Connecticut jury finds crypto-related products are not securities

A Connecticut Jury has found that digital assets linked to cryptocurrencies are not securities in what a defense lawyer called a world-first verdict. 

GAW Miners investor Stuart Fraser was cleared of liability in a fraudulent operation co-opted by ZenMiner LLC on Nov. 1. 

“It’s the first case that we know of where a jury addressed whether cryptocurrency products were securities,” one of the defendant’s representatives, Daniel Weiner from Hughes Hubbard & Reed LLP, told Law360. 

The case against GAW Miners has been underway since 2017, when co-founder Homero Joshua Garza pled guilty to wire fraud. This left Frazer, a 41% investor in GAW, as the sole remaining defendant in the case. 

Initially, GAW sold physical mining hardware but soon teamed up with ZenMining to offer remote management software that allegedly allowed customers to control their mining hardware online. 

According to the plaintiffs, the two companies never actually owned as much equipment as they initially claimed. Earlier in the case, both GAW and ZenMining were found in default.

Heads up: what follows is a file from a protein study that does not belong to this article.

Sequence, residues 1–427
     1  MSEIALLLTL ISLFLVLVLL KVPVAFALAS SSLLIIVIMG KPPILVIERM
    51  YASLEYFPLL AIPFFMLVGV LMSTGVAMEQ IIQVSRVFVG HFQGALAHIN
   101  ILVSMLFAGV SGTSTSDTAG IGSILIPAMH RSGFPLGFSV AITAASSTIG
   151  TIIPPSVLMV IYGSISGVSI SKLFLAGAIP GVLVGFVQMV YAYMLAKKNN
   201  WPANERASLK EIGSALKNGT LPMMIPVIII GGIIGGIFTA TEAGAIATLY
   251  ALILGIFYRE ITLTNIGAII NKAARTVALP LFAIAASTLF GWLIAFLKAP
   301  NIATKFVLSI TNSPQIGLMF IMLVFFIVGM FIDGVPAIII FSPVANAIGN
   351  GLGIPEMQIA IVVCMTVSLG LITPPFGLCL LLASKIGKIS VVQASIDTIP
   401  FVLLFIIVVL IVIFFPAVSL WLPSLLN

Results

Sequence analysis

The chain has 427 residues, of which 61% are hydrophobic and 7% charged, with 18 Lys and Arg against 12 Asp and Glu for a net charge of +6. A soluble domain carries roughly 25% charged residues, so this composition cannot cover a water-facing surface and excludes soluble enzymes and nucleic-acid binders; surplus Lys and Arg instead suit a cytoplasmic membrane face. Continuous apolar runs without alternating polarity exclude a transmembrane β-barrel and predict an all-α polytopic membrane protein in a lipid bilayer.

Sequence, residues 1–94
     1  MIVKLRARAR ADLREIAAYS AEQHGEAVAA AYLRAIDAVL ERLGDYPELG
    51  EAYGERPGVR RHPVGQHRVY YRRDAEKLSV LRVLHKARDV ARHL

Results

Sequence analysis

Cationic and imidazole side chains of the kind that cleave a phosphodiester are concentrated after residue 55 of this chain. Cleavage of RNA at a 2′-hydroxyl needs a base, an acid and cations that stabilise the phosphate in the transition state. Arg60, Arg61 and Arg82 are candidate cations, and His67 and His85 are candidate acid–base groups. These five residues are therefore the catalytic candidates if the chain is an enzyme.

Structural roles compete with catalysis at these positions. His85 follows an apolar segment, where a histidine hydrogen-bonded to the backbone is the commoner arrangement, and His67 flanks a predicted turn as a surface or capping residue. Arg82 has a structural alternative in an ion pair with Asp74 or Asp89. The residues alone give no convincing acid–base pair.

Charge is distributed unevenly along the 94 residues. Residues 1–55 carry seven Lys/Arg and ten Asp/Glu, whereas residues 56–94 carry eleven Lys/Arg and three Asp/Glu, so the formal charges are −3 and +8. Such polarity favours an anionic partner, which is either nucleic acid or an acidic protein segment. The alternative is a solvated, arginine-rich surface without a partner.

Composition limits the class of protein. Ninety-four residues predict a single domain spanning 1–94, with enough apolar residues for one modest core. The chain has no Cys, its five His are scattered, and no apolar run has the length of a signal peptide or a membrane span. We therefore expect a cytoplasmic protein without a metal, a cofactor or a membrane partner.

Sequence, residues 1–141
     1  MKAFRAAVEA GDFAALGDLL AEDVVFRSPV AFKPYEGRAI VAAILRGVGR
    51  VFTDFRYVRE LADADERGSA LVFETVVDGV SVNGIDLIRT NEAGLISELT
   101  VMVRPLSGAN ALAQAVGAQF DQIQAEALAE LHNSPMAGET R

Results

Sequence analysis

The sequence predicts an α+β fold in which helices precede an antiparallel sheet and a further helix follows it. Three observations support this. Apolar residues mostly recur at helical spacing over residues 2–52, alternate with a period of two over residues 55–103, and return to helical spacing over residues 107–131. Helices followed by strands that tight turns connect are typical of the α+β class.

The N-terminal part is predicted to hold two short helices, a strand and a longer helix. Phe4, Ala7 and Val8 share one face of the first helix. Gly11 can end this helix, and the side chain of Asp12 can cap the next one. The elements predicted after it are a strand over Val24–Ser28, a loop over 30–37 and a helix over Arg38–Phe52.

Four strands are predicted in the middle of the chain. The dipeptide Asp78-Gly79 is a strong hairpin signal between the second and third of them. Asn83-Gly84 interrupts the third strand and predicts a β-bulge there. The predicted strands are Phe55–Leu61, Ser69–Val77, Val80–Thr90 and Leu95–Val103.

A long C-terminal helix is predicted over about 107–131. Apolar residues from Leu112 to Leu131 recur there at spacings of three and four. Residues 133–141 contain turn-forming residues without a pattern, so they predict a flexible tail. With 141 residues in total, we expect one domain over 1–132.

Unable to fulfil customers’ orders, the two companies introduced “hashlet contracts” which entitled their customers to a share of the profits from the company’s crypto mining profits. 

However, in 2017 GAW was found to have sold far more hashlets worth of computing power than they actually had in their computing centers. Rather, the company was using the money from new customers to pay off older customers. 

Read more: GAW Miners Creator Josh Garza Fined $12 mln For “Ponzi Scheme”

The jury decided that none of GAW’s four products including promissory notes called “hashpoints,” tokens called “Paycoin” and virtual wallets called ‘“Hashstakers” were considered unregistered securities. Fraser was also found to be not liable. 

Although the Securities and Exchange Commission described hashlets as securities in its previous case against Garza, the jury in the most recent case against Fraser found that customers actively controlled their hashlets, meaning they could not be considered a passive investment.